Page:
Fertility Awareness-Based Methods: Another Option for Family Planning

Stephen R. Pallone, MD; George R. Bergus, MD


J Am Board Fam Med. 2009;22(2):147-157. 

In This Article


There has been considerable debate about the soundness of the research on FABMs' effectiveness. Some research methods make comparison between FABMs and other contraceptive methods difficult. There are few randomized controlled studies of FABMs; existing randomized trials were judged to be of insufficient quality to draw any valid conclusions.[44] Many recent studies of modern FABMs included only self-selected patients, which is more consistent with clinical practice.[5,11] Early FABM investigations usually excluded data from the "learning phase" (typically 3 cycles), skewing the data in favor of FABMs. More recent studies include this period in their data.[5,11]

In addition, FABMs are unique in that they can also be used for achieving pregnancy. Pregnancy rates are therefore reported in categories of perfect-use (method-related) pregnancies, achieving-related pregnancies, and typical-use pregnancies. The achieving category allows for the proper classification of women who change their minds mid-cycle about wanting to avoid pregnancy; they would be labeled as typical-use pregnancies in contraceptive trials that categorize women based on their decision to avoid pregnancy at the beginning of each cycle. On the other hand, the achieving category includes women who engage in coitus at a time when they know they are fertile even if their intention is to avoid pregnancy. Recent FABM studies typically report all 3 of these categories, with some variation in the achieving-related category. The 2 most useful for comparison are the perfect-use and typical-use pregnancy rates.

There have been attempts to characterize women who are successful (likely to persist in using the methods as described) with FABMs; however, no consistent positive predictors across studies have been found.[45,46] Successful use is probably determined in part by societal attitudes regarding sexual behavior and sexuality, religious beliefs, and personal characteristics of the woman choosing to use them, such as interest in alternative medicine and the support of her partner. Most studies of FABMs included predominantly women who are in long-term and stable relationships. Most users of FABMs in US studies have been Roman Catholic, in a long-standing committed relationship, white, have a high school education or higher and a gross income more than $20,000 per year.[9,46] Although uncommonly used in the United States, as many as 20% of married women in other countries use one of these methods.[47]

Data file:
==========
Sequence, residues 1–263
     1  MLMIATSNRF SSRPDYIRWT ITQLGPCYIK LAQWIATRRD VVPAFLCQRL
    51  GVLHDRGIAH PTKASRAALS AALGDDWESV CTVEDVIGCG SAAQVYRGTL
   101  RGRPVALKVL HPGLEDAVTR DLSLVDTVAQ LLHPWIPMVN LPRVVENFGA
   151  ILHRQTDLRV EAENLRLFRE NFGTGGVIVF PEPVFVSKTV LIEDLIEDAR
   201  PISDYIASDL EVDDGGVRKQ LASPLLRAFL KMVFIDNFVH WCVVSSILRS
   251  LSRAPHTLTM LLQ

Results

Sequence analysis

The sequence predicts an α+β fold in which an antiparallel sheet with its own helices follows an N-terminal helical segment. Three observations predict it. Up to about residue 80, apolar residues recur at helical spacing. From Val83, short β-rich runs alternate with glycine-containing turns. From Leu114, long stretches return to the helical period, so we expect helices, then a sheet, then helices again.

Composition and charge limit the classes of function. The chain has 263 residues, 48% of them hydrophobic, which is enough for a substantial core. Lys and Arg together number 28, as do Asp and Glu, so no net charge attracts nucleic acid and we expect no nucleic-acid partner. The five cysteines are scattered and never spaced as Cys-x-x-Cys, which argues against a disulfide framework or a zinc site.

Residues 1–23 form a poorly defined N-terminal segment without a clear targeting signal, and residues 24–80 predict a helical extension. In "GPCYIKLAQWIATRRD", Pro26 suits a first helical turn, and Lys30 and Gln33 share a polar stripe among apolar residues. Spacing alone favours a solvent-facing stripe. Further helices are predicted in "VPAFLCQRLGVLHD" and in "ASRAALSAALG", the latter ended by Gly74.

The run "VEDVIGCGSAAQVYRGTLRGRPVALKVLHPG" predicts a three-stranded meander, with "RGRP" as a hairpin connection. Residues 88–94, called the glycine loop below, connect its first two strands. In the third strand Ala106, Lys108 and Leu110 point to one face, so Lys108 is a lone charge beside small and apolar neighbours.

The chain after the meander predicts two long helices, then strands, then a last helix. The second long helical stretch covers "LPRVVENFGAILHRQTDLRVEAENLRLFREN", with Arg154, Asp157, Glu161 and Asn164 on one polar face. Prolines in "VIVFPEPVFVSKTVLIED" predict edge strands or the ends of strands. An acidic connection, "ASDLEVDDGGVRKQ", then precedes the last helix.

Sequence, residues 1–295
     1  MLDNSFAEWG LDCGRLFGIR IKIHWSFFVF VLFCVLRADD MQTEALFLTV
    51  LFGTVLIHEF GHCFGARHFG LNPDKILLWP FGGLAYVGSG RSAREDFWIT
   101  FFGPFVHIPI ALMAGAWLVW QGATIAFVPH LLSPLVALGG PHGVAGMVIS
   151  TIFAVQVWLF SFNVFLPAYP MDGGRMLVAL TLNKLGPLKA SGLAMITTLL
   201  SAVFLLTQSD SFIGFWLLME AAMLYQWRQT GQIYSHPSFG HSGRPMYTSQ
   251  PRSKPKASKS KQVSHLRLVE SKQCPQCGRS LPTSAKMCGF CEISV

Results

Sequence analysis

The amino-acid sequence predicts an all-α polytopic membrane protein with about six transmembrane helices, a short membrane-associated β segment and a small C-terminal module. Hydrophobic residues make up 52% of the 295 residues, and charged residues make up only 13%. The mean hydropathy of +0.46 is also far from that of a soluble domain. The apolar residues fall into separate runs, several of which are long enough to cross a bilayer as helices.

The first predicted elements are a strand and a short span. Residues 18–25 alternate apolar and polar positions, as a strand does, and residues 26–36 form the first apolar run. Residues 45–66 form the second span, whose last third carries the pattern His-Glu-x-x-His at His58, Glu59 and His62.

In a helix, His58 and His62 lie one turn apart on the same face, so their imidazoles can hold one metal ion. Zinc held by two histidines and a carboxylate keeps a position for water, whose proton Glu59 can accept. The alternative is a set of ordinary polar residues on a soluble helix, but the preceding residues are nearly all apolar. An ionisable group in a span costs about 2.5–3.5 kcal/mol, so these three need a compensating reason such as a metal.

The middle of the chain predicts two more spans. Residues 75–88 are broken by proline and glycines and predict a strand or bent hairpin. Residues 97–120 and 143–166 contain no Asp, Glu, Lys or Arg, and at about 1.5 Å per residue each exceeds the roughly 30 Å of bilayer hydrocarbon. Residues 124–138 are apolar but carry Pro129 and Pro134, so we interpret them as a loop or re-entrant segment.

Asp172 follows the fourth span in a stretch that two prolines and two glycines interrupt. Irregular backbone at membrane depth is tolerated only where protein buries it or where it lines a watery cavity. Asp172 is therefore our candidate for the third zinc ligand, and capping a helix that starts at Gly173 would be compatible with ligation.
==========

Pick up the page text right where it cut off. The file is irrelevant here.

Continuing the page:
The lowest pregnancy rates associated with FABMs are achieved by women who choose to use these methods and have been properly instructed in how to do so. International studies suggest poverty-stricken populations have lower rates of typical-use pregnancy when using FABMs, in some cases approaching 0%.[5,12] Poverty may be a significant motivator for successful FABM use because the cost of raising a child is high and access to conventional contraceptives is limited.[48] However, studies in the United Kingdom, Italy, and Germany report similarly low rates of pregnancy,[13,14,15,16] even in younger unmarried populations.[19] Some international studies have also included women of diverse religions (including Hindus, Muslims, and Buddhists); races; and socioeconomic status. The success of these other demographic groups coupled with insufficient knowledge about FABMs in the medical community in the United States suggests American white, upper-middle class, and Catholic women are more likely to use FABMs in part because they have more access to information about these methods.[48] Lack of support from the husband and physical separation of the partners are thought to be predictors of FABM failure or discontinuation.[17] Reasons for discontinuation of some FABMs are summarized in Table 3.

All FABMs are physiologically compatible with the use of barrier methods. Use of barriers during fertile periods reduces the overall undesired pregnancy rate with typical use of the Standard Days and TwoDays methods but also increases perfect-use pregnancies.[10,21] Conversely, studies examining symptothermal methods have shown no significant differences in method- and typical-use pregnancies with or without use of barriers while still maintaining low unintended pregnancy rates.[19,20,49] NFP methods stress that the use of barriers is abandonment of the method.[26,50,51]


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